Irritable Bowel Syndrome Download Chinese Version Here
Disturbances of Digestive and Bowel Functions – Answers to Your Questions
Functional disorders of the digestive and bowel systems are the commonest causes of symptoms such as abdominal pain, bloating, indigestion, belching, flatulence, constipation, diarrhoea, incomplete bowel movements and changes in stool consistency.
Irritable Bowel Syndrome
It is estimated that close to a million people in Singapore have these symptoms. Patients and doctors usually worry that these symptoms could be due to diseases like infections, gallstones, ulcers or cancers. However, every year the number of people with these functional disorders such as irritable bowel syndrome, chronic constipation and functional dyspepsia outnumber the people with all the cancers of the digestive system by 500 times.
Incidense of Chronic GI Diseases (per 10,000 per year)
Despite the fact that there is no serious disease, these functional disorders frequently impair the quality of life. This need not be the case because when these patients are appropriately managed, in the majority their symptoms will largely disappear. In order to achieve this it is important to provide accurate and sound scientific information.
How can I confirm whether I have IBS?
IBS is not a condition that is diagnosed simply by doing blood or stool tests, x-rays, ultrasound scan or even endoscopy. On the other hand, IBS can be diagnosed by listening carefully to the patient’s history. First of all there must be symptoms pointing to the bowel as the likely source of origin. These include a disturbance in the bowel habit, and a variation in the stool frequency and or consistency with the abdominal pain or discomfort, and whether the pain is relieved with passing stool.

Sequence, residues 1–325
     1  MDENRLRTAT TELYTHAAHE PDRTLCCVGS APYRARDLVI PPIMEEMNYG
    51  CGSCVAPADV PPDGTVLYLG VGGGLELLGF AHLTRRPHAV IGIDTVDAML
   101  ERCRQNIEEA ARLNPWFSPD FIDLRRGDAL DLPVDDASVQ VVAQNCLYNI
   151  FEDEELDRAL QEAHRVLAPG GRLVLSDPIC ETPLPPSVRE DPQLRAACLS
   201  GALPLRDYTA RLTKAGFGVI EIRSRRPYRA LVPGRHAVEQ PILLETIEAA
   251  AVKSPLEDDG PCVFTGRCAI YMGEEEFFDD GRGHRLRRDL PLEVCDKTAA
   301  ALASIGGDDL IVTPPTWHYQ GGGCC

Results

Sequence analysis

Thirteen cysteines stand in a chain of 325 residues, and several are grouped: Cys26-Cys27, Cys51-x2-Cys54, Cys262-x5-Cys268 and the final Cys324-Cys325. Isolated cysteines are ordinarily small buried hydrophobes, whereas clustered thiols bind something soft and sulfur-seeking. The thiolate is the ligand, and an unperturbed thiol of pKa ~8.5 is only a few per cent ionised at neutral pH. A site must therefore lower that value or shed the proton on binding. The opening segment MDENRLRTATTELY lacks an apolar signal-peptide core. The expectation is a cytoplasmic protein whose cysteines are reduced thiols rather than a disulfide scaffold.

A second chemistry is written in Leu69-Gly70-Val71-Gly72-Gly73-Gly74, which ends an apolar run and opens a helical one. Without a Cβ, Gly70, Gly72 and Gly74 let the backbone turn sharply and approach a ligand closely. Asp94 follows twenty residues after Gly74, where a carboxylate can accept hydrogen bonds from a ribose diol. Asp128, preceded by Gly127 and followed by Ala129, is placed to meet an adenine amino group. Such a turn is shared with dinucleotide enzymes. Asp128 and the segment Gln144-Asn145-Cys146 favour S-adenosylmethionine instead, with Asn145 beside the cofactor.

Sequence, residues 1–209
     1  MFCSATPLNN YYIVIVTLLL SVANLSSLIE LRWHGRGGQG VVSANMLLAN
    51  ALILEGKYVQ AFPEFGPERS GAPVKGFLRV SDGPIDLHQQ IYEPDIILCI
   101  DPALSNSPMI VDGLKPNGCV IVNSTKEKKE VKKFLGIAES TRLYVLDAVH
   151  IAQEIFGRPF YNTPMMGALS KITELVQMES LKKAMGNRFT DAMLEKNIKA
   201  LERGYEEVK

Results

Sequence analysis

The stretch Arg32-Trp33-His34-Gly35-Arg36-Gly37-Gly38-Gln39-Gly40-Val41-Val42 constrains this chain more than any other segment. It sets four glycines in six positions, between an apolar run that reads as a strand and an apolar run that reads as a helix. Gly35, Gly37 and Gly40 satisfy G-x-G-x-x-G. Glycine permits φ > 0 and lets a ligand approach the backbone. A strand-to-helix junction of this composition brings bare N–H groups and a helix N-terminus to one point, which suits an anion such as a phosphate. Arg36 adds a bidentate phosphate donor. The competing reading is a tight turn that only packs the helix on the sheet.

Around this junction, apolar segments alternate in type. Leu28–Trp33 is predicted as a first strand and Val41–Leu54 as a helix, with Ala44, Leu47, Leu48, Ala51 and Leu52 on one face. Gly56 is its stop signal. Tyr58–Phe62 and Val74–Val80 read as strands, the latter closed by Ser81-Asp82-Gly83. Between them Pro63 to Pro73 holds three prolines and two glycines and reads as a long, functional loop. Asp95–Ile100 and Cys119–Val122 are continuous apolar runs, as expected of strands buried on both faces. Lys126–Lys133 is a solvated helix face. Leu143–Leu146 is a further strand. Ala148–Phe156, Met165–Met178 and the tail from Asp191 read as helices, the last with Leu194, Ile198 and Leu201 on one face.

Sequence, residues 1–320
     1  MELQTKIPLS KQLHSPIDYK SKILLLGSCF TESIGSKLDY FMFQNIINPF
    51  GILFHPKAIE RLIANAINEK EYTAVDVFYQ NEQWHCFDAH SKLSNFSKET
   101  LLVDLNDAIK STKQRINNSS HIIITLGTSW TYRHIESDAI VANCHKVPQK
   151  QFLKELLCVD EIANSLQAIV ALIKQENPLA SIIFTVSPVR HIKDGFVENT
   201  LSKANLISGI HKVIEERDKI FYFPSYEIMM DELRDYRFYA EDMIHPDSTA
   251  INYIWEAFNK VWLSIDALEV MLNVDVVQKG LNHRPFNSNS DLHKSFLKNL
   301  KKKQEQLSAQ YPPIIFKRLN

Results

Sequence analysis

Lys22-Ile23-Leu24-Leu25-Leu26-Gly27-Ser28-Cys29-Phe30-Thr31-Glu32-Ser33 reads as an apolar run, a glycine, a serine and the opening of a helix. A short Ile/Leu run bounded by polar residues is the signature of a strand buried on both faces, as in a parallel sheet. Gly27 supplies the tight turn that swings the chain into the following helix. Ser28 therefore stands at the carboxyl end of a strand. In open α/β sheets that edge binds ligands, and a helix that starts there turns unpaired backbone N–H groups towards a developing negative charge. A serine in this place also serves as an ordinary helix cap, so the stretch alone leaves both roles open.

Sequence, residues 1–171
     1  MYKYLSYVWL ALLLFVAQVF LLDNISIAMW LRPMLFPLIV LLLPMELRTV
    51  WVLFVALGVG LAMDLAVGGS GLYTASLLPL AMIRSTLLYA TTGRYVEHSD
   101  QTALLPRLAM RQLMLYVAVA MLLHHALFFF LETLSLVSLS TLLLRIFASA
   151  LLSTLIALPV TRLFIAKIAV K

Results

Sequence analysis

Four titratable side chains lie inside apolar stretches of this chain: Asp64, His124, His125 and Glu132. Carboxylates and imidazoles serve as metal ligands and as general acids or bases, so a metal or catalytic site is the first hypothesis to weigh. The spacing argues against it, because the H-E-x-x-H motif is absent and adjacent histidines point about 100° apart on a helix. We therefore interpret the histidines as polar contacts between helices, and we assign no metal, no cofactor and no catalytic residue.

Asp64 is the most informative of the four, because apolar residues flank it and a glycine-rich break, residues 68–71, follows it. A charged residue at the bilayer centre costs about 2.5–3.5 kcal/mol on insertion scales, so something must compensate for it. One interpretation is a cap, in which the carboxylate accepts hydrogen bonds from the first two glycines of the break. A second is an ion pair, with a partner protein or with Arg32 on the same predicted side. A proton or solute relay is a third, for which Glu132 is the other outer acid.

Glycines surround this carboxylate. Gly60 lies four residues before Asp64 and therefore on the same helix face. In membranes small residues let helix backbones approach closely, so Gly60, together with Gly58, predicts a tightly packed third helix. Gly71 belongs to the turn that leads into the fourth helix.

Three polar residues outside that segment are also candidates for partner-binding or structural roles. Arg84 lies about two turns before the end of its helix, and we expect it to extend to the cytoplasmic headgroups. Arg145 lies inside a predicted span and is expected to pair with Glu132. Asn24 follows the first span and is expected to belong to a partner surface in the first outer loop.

However, these only tell us that something is irritating the bowel – the cause of this disturbance can range from irritable bowel to infection to even cancer. While colonoscopy and barium enema are not tests to diagnose IBS, they serve to exclude the other causes. It is also important to remember that just because a person has IBS, does not mean that he cannot also have some other disease like ulcers and cancers.
Logistically it would be near impossible to send all patients with IBS for tests (there is an estimated close to half a million sufferers in Singapore), and many patients themselves are not willing to go for tests. Therefore the doctor will try to help the patient by taking certain factors into consideration in deciding whether further tests are required. Important considerations are whether the symptoms are longstanding or recent, and whether they fluctuate or are progressive. It is also important to know whether there are sinister symptoms such as weight loss and blood in the stools, or whether there are other functional type symptoms such as headaches, tiredness and shortness of breath. Life would be much easier for doctors if all patients could go for the relevant tests. However, I would caution that it is important to go for relevant tests. For example, if irritable bowel is suspected, undergoing an ultrasound scan to detect gallstones is not only unnecessary, but often produces unnecessary anxiety, leading to surgery to remove the gallbladder, an operation that could make the IBS worse. However, there is evidence that for many IBS patients, undergoing a carefully justified set of tests can often in itself result in an enormous improvement in their symptoms.
Is there effective cure for IBS?